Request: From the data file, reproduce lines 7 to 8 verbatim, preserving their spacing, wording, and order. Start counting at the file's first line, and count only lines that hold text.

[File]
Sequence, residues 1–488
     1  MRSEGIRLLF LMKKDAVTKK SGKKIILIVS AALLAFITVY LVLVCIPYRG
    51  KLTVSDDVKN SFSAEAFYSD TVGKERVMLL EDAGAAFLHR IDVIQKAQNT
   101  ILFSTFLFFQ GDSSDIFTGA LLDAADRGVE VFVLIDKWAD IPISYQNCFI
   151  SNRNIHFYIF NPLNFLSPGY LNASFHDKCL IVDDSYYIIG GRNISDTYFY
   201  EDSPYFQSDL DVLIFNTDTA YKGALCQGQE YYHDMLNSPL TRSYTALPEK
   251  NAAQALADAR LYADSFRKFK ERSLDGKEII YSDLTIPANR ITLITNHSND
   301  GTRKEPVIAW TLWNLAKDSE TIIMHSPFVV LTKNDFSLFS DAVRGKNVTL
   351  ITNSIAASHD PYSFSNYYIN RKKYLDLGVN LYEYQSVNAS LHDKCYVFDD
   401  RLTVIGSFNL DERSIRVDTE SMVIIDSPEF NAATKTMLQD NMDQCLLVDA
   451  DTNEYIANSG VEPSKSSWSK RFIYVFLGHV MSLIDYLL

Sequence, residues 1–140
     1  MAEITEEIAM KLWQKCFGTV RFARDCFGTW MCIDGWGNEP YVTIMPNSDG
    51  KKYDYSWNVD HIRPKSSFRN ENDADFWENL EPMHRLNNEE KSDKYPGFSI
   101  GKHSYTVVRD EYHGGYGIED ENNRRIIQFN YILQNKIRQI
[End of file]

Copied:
   251  NAAQALADAR LYADSFRKFK ERSLDGKEII YSDLTIPANR ITLITNHSND
   301  GTRKEPVIAW TLWNLAKDSE TIIMHSPFVV LTKNDFSLFS DAVRGKNVTL